Filed 10/23/20






Plaintiff and Appellant,



Defendant and Appellant.


(Super. Ct. No. 37-2018-00036303-



Plaintiff and Appellant,



Defendant and Respondent.



APPEALS from orders of the Superior Court of San Diego County, Gregory W. Pollack, Judge. Affirmed.

CGS3, Gregory S. Markow, Sean Michael Gaffney and Jamie Altman Buggy for Plaintiff and Appellant in Nos. D07615 and D076594.

Solomon Ward Seidenwurm & Smith, Thomas Landers and Leah Suzanne Strickland for Defendant and Appellant and for Defendant and Respondent.

Subcontractor Ehmcke Sheet Metal Company (Ehmcke) recorded a mechanic’s lien to recoup payment due for sheet metal fabrication and installation work done on a luxury hotel project in downtown San Diego. Project owner RGC Gaslamp, LLC (RGC) secured a bond to release the lien. Thereafter Ehmcke filed three successive mechanic’s liens, each identical to the first, prompting RGC to sue it for quiet title, slander of title, and declaratory and injunctive relief. The trial court granted Ehmke’s special motion to strike under the anti-SLAPP statute. (Code Civ. Proc., § 425.16.) RGC appeals that ruling and the subsequent ruling on attorney’s fees.[1]

The trial court found that Ehmcke met its moving burden because the filing of even an invalid lien is protected petitioning activity. Thereafter, the court found that RGC failed to make a prima facie showing that its sole remaining cause of action for slander of title could withstand application of the litigation privilege. RGC appeals both findings, arguing that the duplicative filing of mechanic’s liens after the posting of a bond is not protected activity. Relying heavily on A.F. Brown Electrical Contractor, Inc. v. Rhino Electric Supply, Inc. (2006) 137 Cal.App.4th 1118 (A.F. Brown), RGC claims Ehmcke could not have filed duplicative liens in good faith while seriously contemplating litigation.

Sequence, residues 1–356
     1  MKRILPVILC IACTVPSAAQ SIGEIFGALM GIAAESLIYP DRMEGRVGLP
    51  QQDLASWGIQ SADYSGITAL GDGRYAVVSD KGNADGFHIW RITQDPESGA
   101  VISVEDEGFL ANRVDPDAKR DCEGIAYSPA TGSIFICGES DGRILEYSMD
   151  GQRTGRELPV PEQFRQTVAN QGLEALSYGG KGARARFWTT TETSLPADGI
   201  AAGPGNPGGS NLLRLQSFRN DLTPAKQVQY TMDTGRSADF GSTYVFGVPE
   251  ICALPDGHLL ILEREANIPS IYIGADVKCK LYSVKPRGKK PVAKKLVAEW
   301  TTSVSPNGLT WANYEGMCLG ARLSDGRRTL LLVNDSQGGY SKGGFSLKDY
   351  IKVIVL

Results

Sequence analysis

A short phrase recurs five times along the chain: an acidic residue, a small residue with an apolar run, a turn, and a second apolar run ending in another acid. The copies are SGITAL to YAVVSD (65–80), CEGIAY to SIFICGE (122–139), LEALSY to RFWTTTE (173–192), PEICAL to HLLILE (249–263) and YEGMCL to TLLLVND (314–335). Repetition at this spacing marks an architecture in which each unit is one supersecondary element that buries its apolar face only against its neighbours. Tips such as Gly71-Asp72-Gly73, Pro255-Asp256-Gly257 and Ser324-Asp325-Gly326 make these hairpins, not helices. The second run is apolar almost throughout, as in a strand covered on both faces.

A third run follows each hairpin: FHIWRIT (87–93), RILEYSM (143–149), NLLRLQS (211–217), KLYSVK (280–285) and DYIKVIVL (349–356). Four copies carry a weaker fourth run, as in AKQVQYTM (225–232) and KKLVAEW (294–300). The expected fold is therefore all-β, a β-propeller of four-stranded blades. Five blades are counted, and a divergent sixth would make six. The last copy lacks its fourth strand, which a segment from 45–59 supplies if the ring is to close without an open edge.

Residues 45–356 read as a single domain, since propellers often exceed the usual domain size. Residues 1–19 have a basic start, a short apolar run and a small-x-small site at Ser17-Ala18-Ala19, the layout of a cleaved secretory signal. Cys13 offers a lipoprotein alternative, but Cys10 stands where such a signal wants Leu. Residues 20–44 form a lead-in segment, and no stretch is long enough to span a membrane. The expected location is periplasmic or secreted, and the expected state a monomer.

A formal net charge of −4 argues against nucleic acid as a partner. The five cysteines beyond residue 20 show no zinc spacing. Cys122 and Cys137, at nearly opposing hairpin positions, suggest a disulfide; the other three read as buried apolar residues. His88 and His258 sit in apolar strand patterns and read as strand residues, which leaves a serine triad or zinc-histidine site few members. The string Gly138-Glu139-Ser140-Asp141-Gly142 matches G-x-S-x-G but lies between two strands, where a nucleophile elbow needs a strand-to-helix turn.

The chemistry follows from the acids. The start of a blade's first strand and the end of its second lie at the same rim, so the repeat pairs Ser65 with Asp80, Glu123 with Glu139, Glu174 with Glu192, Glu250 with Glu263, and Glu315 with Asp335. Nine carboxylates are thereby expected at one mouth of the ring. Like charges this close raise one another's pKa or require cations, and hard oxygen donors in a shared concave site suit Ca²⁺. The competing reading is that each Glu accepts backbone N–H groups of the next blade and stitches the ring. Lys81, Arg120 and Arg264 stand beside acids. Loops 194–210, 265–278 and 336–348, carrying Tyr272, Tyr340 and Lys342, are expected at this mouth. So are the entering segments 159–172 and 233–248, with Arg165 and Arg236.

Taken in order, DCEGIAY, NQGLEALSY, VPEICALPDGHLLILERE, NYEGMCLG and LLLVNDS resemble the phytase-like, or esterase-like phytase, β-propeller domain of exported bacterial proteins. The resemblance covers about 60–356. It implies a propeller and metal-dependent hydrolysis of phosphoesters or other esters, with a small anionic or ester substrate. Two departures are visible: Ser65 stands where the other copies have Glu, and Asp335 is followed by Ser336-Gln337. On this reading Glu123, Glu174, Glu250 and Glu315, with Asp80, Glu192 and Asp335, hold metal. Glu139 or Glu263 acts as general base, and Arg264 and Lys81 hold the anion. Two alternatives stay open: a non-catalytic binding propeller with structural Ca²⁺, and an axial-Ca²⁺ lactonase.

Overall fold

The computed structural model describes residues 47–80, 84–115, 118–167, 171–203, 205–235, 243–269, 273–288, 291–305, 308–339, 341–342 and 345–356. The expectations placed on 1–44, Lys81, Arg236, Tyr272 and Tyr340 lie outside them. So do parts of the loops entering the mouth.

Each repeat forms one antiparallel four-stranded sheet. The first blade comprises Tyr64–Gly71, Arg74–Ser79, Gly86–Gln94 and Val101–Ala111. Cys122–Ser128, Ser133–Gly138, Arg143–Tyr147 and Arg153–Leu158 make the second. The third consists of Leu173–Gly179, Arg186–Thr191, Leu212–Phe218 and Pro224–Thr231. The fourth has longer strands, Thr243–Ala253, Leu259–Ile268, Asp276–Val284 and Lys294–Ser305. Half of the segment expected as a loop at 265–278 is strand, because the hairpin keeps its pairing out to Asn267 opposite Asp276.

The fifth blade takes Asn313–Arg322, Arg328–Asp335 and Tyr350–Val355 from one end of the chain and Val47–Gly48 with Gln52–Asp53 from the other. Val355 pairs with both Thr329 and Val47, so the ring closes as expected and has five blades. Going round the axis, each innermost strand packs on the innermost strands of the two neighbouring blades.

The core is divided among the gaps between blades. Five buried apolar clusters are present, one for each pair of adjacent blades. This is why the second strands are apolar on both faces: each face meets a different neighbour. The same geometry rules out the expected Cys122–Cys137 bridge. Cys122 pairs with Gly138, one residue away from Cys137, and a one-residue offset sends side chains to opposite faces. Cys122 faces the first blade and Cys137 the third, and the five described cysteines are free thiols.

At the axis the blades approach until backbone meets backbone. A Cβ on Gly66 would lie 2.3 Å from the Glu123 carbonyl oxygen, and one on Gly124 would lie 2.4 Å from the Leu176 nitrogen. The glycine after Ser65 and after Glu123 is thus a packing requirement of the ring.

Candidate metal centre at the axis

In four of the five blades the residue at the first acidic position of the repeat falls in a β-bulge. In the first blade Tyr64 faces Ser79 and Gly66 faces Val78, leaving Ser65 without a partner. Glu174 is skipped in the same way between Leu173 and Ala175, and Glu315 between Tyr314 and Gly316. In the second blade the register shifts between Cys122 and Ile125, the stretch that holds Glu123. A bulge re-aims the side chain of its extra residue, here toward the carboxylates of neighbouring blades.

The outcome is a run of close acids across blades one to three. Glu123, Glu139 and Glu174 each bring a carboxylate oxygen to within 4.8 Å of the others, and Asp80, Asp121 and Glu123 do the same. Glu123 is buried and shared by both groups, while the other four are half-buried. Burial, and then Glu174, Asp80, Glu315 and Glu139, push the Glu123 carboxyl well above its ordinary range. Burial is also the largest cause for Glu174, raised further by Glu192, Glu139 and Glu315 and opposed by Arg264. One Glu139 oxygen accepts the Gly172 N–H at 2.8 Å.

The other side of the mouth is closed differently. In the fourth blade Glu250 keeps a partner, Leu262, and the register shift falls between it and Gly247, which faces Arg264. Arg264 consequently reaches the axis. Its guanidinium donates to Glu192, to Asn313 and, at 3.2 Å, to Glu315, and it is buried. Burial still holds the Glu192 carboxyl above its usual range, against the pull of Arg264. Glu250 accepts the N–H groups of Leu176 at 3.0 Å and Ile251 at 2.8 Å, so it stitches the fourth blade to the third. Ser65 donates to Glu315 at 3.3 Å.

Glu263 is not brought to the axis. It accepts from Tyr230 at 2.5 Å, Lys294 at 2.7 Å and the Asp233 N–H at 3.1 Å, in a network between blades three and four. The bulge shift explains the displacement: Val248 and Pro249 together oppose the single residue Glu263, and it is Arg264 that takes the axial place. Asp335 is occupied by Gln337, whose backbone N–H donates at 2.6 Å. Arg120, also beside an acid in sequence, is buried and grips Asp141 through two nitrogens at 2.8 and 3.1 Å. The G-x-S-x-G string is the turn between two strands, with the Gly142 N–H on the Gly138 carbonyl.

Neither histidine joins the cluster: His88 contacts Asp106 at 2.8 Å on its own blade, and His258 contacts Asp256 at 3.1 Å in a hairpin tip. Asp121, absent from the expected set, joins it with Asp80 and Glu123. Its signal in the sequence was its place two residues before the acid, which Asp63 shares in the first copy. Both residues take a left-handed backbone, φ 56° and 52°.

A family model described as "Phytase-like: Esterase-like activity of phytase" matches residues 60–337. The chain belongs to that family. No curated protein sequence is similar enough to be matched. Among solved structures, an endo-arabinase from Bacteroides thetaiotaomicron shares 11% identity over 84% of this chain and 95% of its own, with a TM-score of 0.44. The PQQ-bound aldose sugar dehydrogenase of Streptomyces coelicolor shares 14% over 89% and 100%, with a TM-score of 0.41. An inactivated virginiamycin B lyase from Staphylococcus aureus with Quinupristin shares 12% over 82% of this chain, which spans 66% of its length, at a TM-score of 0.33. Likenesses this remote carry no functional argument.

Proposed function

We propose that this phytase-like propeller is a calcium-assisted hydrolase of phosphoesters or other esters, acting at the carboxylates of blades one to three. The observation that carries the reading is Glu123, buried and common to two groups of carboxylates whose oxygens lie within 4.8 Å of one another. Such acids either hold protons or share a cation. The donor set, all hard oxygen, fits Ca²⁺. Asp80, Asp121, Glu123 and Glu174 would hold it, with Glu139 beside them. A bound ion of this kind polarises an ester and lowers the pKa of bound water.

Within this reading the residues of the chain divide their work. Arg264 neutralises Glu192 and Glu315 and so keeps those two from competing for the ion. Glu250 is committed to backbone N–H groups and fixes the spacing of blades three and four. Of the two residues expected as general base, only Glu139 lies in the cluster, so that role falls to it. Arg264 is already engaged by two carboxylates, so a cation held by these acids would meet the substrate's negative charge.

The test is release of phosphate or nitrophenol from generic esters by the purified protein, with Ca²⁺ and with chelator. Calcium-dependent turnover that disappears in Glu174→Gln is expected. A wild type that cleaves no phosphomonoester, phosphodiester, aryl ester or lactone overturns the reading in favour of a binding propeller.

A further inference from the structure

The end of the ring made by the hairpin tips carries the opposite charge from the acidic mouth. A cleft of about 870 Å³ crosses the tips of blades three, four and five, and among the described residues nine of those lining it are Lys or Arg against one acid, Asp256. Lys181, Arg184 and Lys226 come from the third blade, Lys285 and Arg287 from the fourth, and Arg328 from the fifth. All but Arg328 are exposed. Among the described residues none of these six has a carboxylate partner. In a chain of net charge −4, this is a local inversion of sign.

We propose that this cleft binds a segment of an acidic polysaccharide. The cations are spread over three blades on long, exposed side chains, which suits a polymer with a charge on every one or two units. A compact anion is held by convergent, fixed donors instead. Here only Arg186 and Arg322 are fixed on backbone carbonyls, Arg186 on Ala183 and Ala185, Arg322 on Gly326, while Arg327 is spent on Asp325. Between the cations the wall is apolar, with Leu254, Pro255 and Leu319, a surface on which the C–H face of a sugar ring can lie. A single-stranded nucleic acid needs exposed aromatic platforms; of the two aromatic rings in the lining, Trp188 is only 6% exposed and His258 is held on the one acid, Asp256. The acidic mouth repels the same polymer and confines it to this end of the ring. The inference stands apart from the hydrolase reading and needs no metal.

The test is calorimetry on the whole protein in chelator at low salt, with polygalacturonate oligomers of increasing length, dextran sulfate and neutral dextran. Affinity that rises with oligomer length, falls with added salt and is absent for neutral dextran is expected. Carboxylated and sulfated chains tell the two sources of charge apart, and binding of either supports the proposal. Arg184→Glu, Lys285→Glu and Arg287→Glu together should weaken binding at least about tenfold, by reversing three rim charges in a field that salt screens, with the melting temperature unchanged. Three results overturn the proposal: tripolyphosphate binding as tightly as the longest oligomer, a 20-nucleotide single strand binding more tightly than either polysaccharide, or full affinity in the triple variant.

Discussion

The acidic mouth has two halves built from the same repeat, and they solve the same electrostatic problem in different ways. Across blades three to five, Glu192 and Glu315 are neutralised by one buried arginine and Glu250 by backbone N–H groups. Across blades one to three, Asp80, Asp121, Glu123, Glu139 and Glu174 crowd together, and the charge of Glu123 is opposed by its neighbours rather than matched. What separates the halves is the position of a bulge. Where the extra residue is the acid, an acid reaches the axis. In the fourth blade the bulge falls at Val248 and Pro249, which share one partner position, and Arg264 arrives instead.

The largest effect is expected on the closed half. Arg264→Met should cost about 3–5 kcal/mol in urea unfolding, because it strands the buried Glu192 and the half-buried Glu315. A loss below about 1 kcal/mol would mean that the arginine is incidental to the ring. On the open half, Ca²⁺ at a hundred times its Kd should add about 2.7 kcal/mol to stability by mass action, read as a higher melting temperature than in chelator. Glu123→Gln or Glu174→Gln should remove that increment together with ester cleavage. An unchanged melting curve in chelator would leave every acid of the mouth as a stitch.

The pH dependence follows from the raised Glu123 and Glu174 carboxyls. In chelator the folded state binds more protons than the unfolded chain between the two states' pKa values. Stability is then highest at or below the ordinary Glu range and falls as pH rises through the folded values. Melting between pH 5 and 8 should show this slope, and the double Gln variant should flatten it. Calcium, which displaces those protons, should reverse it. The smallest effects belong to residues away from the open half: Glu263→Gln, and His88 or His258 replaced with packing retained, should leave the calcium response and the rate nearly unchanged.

As we explain, RGC erroneously imports substantive requirements of the litigation privilege into the first step of the anti-SLAPP inquiry. At prong one of the anti-SLAPP inquiry, a defendant need only show a prima facie case that the activity underlying plaintiff’s action is protected, not that its acts were ultimately lawful. Moreover, even if the good faith and serious contemplation criteria in A.F. Brown applied here, Ehmcke met that moving burden once its erroneously excluded reply declarations are considered. With the burden shifted on prong two, RGC failed to make a prima facie showing that the litigation privilege did not bar its slander-of-title cause of action. The anti-SLAPP motion was thus properly granted, and we likewise affirm the subsequent attorney’s fees and costs award.


RGC is the developer and owner of the Pendry Hotel in downtown San Diego. Ehmcke performed sheet metal installation and fabrication for the project and alleged it was not paid after completing its subcontracting work in April 2017. In September 2017, Ehmcke filed and recorded a mechanic’s lien (first lien) for $257,978 against the property. The following month, RGC secured and recorded a bond from Liberty Mutual for $322,473 to release the first lien. In December, Ehmcke filed a second mechanic’s lien identical to the first lien.

A few months passed. On April 10, 2018, Ehmcke filed and recorded a series of documents in which it withdrew the first and second liens and filed a third identical mechanic’s lien for the same work.[3] RGC once again obtained a bond from Liberty Mutual to release the third lien, recording the instrument in June. Then on July 5, 2018, Ehmcke withdrew the third lien and filed a fourth lien on the project that was duplicative of the first, second, and third liens.